Bush Holds Firm on Iraq War

The United States invaded Iraq exactly five years ago. Speaking at the Pentagon, the president said increasing the pace of withdrawal could be a setback to progress.

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ALEX CHADWICK, host:

From the studios of NPR West, this is DAY TO DAY. I'm Alex Chadwick.

ALEX COHEN, host:

And I'm Alex Cohen.

Coming up on this fifth anniversary of the start of the Iraq War, we'll continue our conversation with General David Petraeus, the commander of U.S. and Coalition forces there.

CHADWICK: First, President Bush observed today's anniversary with a speech about the Iraq War at the Pentagon. The president's popularity has suffered, in large part because of the conflict, and he spoke to that.

President GEORGE W. BUSH: Five years into this battle there is an understandable debate over whether the war was worth fighting, whether the fight is worth winning, and whether we can win it. The answers are clear to me. Removing Saddam Hussein from power was the right decision and this is a fight America can and must win.

COHEN: Most of his speech, though, was about successes in Iraq. Democracy, he said, is rising from the rubble of Saddam Hussein's tyranny.

CHADWICK: And despite the many calls to get out of Iraq, the president urged patience. Things are improving, he said, especially since the surge.

President BUSH: There's still hard work to be done in Iraq. The gains we have made are fragile and reversible. But on this anniversary the American people should know that since the surge began the level of violence is significantly down, civilian deaths are down, sectarian killings are down, attacks on American forces are down. We have captured or killed thousands of extremists in Iraq, including hundreds of key al-Qaida leaders and operatives. Our men and women in uniform are performing with characteristic honor and valor. The surge is working.

COHEN: As the president spoke, a group of 100 or so veterans gathered on the Mall in Washington D.C. to protest the war. A new CBS poll shows that two-thirds of Americans believe the war has not been worth what it has cost.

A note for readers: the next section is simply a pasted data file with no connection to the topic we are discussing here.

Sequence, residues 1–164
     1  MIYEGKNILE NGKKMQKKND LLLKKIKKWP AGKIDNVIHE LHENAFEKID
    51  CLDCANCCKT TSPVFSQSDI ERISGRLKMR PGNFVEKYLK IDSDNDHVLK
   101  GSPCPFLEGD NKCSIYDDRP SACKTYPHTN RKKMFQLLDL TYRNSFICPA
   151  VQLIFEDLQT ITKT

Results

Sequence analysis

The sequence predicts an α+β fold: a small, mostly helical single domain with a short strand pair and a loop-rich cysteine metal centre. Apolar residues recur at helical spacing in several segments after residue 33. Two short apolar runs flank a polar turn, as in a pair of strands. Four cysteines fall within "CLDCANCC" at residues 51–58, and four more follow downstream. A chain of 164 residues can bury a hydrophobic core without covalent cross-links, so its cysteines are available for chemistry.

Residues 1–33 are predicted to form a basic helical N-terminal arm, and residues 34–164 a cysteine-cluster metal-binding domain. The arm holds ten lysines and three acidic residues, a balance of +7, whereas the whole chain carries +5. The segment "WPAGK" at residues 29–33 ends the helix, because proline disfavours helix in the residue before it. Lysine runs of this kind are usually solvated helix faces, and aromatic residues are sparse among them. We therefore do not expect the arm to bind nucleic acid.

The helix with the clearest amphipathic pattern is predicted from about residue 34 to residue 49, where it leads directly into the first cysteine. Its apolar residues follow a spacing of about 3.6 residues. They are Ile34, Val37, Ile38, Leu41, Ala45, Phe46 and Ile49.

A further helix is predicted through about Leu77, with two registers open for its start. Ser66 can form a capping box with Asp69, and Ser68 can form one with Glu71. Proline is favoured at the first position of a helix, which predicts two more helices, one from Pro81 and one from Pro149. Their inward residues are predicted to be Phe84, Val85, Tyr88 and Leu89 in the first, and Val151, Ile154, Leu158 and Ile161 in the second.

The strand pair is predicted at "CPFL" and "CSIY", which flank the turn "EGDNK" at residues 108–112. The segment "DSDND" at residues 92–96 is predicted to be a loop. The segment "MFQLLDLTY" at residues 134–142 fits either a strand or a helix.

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Bush Holds Firm on Iraq as War Enters Sixth Year

On the fifth anniversary of the start of the Iraq war, President Bush acknowledged Wednesday that there is "understandable debate" over the conflict. But the president said he would reject any additional troop withdrawals that could jeopardize security on the ground.

Speaking at the Pentagon to the military's top brass, soldiers and diplomats, Bush said increasing the pace of withdrawal could be a setback to progress made since the so-called "surge" — an infusion of 30,000 additional troops last year.

"Having come so far and achieved so much, we are not going to let this happen," he said, referring to a wider troop drawdown.

The president admitted that "there's an understandable debate over whether the war was worth fighting, whether the fight is worth winning, and whether we can win it.

"The answers are clear to me. Removing Saddam Hussein from power was the right decision, and this is a fight America can and must win," he said.

The speech to a largely sympathetic audience marked the fifth anniversary of the U.S.-led invasion of Iraq, a conflict that has lasted much longer and cost more lives than most administration officials and the American public had expected.

Nonetheless, Bush said, "The successes we are seeing in Iraq are undeniable."

Coalition forces have "removed a tyrant, liberated a country and rescued millions from unspeakable horrors," he said.

Democrats, however, used the anniversary to reassert accusations that the administration launched the Iraq invasion based on faulty intelligence, mismanaged the war and failed to put together an exit strategy.

So far, the war has cost about $500 billion, killed tens of thousands of Iraqis and nearly 4,000 American soldiers.

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